Map, Laura Houwaart, 2018
MAPPING THE GROUNDS / IDEAS FOR DRAWING Format: A map of your surroundings in the broadest sense.
During this first project we will work around drawing as a study of experimenting by taking visual notes. It is about observation and how to put things on paper. The assignment is to design a map of your surroundings in the broadest sense; for instance, the places where you have lived, the cities you have visited or want to visit, your own room or the rooms of your friends, hours of the day, the things you carry with you in your bag... Describe what these places/happenings mean to you, and how they are connected. What kind of stories happen in the places you want to show in your map. This assignment is about finding ways of exploring visual possibilities to bring together all kinds of different components in a particular way, creating a map. To achieve this you have to develop a keen eye for detail, structures, overview, particular combinations of objects, colors, light, shadow, the architecture of the space, atmosphere, etc...
Some extra information and two examples: Cartography is the art and science of making maps. Humans have been creating maps since ancient times: The earliest map is thought to be a schematic of the night sky found in the caves of Lascaux, France, dating to 16,5000 BCE. While we often consider maps to be objective representations of physical space, they are laden with subjective views of the world. Additionally, maps change over time: Borders and boundaries are constantly in flux, shifting along political lines and in response to changes in international relationships. Many artists have used maps to tell wide ranging stories about conflict, migration, identity, and social, cultural or political networks.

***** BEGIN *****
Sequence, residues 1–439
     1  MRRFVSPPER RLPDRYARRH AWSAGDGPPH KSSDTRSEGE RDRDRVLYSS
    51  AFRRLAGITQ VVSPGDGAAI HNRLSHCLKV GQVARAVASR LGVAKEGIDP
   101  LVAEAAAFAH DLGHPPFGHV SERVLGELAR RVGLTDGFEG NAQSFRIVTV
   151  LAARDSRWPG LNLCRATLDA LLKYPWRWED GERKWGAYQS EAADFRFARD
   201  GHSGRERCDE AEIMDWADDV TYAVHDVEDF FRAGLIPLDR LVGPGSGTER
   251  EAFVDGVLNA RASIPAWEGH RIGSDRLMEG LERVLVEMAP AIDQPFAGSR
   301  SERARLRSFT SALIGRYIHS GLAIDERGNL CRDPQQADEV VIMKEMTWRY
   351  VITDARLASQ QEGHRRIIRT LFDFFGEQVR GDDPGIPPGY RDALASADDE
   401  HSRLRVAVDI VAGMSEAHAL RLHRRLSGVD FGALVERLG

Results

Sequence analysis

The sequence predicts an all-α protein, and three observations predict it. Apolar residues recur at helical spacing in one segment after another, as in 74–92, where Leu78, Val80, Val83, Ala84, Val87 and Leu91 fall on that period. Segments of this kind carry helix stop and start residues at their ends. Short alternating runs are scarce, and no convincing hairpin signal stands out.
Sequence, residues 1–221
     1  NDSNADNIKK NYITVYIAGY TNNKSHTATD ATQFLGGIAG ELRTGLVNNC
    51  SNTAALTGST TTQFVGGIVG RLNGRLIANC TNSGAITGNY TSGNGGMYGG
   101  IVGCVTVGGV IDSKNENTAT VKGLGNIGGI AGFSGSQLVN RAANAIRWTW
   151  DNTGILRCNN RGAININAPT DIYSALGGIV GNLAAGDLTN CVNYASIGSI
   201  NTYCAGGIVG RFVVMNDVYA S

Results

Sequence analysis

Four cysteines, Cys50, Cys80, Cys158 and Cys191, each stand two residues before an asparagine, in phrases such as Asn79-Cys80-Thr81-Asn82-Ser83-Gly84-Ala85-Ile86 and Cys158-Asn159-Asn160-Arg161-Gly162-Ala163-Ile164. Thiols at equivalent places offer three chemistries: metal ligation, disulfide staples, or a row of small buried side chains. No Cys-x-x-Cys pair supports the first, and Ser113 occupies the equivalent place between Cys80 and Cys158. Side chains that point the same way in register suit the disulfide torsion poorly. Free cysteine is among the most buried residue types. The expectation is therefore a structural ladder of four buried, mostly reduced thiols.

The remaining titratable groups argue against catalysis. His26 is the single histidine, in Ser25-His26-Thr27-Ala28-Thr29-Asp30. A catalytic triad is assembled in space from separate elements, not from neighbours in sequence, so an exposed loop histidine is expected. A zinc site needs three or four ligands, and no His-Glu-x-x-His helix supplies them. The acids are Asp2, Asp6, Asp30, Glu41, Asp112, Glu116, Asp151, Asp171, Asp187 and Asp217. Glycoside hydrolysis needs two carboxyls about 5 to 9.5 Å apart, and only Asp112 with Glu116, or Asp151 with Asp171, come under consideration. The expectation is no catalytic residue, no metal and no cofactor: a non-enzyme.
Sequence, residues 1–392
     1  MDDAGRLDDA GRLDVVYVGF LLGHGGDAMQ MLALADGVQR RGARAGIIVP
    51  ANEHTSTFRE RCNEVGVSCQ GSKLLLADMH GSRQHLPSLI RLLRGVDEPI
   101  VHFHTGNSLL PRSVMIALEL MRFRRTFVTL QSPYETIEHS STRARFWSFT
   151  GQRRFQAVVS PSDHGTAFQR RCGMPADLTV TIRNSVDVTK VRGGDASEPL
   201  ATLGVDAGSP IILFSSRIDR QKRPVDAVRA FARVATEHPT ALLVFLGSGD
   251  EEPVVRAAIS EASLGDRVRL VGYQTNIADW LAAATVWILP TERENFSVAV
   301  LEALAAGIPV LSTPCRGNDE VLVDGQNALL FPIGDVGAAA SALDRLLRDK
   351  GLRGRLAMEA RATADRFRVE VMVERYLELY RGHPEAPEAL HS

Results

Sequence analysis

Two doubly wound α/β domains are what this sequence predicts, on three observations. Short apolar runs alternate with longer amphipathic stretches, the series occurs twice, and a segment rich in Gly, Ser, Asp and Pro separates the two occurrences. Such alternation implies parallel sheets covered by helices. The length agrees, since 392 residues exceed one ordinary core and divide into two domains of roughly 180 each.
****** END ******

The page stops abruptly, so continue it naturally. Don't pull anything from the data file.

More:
1 Make a Mental Map A mental map* is a person’s internalised representation of the world, combining the objective knowledge of the world and an individual’s subjective perspective. Draw your city, town, or neighbourhood according to you. What places do you visit often? How do you get there? Without looking at a map, draw and label places such as your school, stores you visit, routes you take frequently, your home and the homes of your friends, and other favorite landmarks.
Map, Renske de Vries, 2018
2 Identity Mapping Create a map of your own identity using colored pencils and paper. Your map should en- compass aspects of your outer, physical world as well as your inner, psychological state of mind. Before drawing your map, brainstorm a list of words to include. Consider your ambitions, fears, and character traits as well as geographic places of interest. Then think about how to best visually represent these items, and incorporate this style into your map. What kind of geographic landmarks best represent the different aspects of your identity? See for example: Grayson Perry’s Map of an Englishman (search for Grayson Perry at: www.socks-studio.com and find lots of other interesting information on this site as well!) which could be interpreted as a representation of his identity and ideas.
Map, Jules Schretzmeier, 2018
Map legend (sketch), Jules Schretzmeier, 2018
03 In class exercise
“The idea part is simple but the visual perception is complex.” - Sol LeWitt
For this exercise we’ll make a series of drawings of a still life of several boxes, following a list of instructions as a guideline. Every step should take around 3-5 minutes. Make several variations of each instruction by using various types of lines, for example: sharp, trembling, thick, thin, blurry, sketchy. Use different pens and pencils: hard, soft. Use contrasts.
1 Draw the boxes only in deconstructed elements:
Draw the boxes as volumes:
Draw the boxes in different conditions:
Boxes, Jules Schretzmeier, 2018
2 After the more formal first part the second part of the exercise is about transformation: how can the boxes represent something else? Use the drawings from the first exercises as an inspiration and transform the boxes in a city, furniture, a cubistic drawing, a pattern. Play with repetition, rhythm, optical illusions, scale, perspective and all the elements mentioned above regarding types of line, cross hatching etc. Try out various options, make several drawings.
04 Homework exercise